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Digital


to come through commercial systems? Or is there a need for a Private Mobile Broadband network?”


PMR licence fees Next to speak was Kevin Delaney, spectrum policy and planning manager at Ofcom, with a look at the problems and opportunities posed by digital migration. To begin with, he said, PMR was growing: regardless of technology, suppliers were selling it. And digital PMR sys- tems seemed to be taking off especially rapidly. “Currently digital is around 30–40 per cent,


Waiting for Tier III D


deploying analogue radio systems – for example, SSE (Scottish & Southern Energy), which announced a big contract with Team Telecom last month. Adrian Grilli, of JRC, the spectrum


management company for the energy industry, pointed out that Tetra frequencies for private networks are hard to obtain in the UK, and that DMR, the closest alternative, does not yet offer its Tier III trunking option in the market. “What we want is systems that meet our


requirements”, Mr Grilli said. “Ultimately we will migrate to digital – but if I look through the next edition of Land Mobile to see whether I can see any Tier III DMR systems, I suspect I won’t see any Tier III DMR systems. “The suppliers are telling us that the best


date they’ve got so far for a system which can match our existing analogue systems is November 2012 – and then it will be the launch system, it won’t be proven, it won’t have all the applications that we have even got on 1327, let alone all the applications which are on Tetra. “So in looking at migration to digital,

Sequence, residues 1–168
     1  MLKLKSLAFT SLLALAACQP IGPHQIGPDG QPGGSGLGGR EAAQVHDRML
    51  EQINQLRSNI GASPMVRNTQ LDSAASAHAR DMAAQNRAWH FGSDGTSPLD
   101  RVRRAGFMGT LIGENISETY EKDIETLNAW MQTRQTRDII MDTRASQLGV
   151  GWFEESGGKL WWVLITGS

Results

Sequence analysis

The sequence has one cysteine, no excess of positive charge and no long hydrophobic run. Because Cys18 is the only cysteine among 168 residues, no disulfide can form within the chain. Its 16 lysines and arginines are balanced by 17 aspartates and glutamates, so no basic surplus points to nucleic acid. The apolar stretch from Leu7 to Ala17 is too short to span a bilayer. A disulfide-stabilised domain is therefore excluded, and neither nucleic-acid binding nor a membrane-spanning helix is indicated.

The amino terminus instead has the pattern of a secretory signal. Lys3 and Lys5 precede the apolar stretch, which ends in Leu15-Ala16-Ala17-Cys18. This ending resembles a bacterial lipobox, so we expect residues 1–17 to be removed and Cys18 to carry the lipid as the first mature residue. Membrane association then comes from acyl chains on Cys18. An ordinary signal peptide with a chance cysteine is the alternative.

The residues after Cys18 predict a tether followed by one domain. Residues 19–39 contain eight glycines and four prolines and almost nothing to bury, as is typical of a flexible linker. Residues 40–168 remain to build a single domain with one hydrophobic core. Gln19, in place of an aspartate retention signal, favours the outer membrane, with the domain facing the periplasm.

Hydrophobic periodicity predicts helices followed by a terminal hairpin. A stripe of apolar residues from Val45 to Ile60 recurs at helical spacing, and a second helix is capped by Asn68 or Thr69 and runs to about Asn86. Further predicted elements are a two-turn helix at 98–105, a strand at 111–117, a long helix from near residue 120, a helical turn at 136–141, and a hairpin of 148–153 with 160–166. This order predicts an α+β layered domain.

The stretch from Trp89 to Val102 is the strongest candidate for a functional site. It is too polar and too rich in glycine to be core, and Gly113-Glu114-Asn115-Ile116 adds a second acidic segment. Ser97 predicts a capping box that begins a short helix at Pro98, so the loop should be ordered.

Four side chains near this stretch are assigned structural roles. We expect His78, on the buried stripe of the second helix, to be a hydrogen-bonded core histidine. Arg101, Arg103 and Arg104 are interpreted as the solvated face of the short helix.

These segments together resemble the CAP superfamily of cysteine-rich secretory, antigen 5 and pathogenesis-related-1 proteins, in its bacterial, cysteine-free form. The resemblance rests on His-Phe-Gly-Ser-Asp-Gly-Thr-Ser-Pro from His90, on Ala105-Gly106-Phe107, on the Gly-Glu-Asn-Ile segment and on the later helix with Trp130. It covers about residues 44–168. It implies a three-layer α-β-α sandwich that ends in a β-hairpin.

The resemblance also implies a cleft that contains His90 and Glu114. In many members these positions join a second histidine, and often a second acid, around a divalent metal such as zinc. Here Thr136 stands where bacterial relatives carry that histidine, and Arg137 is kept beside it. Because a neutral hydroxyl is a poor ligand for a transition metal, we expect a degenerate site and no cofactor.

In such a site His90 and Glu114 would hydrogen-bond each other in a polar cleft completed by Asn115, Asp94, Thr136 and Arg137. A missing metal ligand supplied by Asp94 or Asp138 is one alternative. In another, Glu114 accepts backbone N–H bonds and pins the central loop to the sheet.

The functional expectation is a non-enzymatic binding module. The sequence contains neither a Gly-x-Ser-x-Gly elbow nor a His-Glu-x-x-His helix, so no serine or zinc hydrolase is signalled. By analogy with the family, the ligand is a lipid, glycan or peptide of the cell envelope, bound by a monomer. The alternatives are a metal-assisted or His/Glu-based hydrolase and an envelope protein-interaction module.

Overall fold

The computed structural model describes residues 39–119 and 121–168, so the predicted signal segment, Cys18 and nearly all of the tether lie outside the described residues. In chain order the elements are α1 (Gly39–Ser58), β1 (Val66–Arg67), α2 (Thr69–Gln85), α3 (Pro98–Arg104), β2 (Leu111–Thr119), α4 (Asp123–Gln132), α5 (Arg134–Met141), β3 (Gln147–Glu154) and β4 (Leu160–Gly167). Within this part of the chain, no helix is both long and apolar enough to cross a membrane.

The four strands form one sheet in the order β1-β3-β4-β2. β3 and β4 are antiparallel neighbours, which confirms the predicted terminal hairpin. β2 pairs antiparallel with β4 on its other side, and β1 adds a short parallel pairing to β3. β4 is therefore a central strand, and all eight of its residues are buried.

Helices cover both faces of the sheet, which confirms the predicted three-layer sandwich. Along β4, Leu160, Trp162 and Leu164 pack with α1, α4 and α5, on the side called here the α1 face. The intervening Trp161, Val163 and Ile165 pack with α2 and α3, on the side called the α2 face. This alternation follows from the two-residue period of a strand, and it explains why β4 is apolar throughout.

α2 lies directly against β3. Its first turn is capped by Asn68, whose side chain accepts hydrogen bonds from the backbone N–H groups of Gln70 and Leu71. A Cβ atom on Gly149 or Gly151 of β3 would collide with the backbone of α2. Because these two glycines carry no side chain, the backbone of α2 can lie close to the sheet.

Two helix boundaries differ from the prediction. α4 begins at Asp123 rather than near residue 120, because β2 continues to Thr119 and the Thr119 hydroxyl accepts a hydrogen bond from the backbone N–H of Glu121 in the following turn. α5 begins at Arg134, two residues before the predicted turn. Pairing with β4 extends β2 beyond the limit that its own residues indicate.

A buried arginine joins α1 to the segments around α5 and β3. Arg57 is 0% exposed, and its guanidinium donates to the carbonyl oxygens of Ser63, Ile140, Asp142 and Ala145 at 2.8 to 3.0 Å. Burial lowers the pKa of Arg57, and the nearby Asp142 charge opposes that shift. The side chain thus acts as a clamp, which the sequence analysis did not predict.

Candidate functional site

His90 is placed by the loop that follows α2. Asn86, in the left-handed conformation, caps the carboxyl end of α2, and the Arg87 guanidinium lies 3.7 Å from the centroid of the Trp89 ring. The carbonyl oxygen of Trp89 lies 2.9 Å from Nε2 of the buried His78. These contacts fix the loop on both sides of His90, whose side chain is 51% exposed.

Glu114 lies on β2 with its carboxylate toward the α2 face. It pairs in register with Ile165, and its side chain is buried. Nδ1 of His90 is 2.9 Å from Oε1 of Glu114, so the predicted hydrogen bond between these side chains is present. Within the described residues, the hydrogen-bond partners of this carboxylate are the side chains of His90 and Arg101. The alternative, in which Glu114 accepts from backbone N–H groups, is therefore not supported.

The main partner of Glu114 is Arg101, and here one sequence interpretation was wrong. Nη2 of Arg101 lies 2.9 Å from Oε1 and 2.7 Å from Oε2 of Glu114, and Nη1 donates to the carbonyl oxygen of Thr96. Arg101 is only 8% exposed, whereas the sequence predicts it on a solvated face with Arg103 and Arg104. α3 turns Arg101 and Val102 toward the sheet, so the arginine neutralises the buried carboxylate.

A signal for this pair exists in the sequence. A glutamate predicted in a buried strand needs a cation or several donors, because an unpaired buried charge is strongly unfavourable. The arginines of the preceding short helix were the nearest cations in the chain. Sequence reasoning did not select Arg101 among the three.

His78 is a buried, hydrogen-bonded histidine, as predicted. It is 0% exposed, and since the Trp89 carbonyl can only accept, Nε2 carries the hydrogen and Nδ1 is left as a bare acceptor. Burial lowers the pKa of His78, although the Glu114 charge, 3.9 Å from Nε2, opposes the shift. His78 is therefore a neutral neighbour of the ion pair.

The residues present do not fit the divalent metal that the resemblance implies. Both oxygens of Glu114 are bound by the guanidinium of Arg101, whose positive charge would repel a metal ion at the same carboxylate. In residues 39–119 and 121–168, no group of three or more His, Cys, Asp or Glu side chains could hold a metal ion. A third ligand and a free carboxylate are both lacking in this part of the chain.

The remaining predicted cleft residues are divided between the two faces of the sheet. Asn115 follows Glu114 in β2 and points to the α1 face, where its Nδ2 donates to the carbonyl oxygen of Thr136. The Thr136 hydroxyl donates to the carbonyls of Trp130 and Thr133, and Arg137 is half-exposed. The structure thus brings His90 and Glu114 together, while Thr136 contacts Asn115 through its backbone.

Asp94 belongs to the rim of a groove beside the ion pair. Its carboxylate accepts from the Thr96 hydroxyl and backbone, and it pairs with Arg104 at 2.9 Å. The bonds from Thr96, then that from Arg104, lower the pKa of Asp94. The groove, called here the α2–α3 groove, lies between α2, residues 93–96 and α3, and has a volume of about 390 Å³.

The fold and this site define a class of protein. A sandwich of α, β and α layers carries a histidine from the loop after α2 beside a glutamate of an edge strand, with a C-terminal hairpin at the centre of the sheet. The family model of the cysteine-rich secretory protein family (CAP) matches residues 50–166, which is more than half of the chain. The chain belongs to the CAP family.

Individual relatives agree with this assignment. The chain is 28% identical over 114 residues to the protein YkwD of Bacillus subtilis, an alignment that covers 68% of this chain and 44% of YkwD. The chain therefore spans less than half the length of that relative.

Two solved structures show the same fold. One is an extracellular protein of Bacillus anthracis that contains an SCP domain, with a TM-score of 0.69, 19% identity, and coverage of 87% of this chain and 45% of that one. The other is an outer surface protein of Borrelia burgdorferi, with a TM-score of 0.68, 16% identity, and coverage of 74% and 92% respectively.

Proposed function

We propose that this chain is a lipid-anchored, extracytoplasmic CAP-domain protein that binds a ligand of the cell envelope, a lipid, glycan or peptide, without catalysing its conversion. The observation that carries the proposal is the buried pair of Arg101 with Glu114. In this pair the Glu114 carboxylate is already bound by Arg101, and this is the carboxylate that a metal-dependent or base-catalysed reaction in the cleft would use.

we’ve got to look at when there will be realistic systems out there that we can deploy, in a safety-critical environment, and have confi dence that they will support the applications that we want and will be suffi ciently reliable to meet those requirements.”


Foot-dragging David Taylor, of Analysys Mason, commented that all the suppliers who were promoting Tier III infrastructure also offered analogue 1327 infrastructure. “So it probably suits them to choose when they want to introduce it”, he said. He surmised that any new entrant to


the market bringing Tier III products would accelerate the transition signifi cantly.


34


and that’s a big leap from just one year, when we were told it was like 10–15 per cent”, he said. And he cited a major UK PMR supplier which had told him digital accounted for some 80 per cent of its new sales. “So perhaps the rate at which digital is penetrating into the market is a lot higher and faster than we previously thought it would be”, he commented. But while Ofcom was not yet ready to com-


pel users to switch, manufacturers might yet force the issue by withdrawing technical sup- port for their analogue products. Currently Ofcom supports three bandwidth


espite the advent of digital technologies, users in the public utilities are still


options for PMR technologies – 6¼, 12½ and 25 kHz – which correspond to the main digital specifi cations. However, like David Taylor, Mr Delaney was doubtful that the present licence fees would play any part in propelling users to- wards digital. “I don’t think this works, actually, because we have a minimum fee of £75”, he said. “At the moment we charge you the same whether you use 6¼ or 12½, because it’s all based on administrative incentive pricing. “T e real cost of it, if you are in the Outer


Hebrides with your bit of spectrum, is about £15. But we are trying to cover our costs; there- fore we could start charging double for a 12½ channel, which may drive people down the 6¼ route. “But again, if it’s only £150 and your network


costs thousands, are you still going to care? T e cost of the frequency is nothing compared to the cost of your site rental and your equipment.”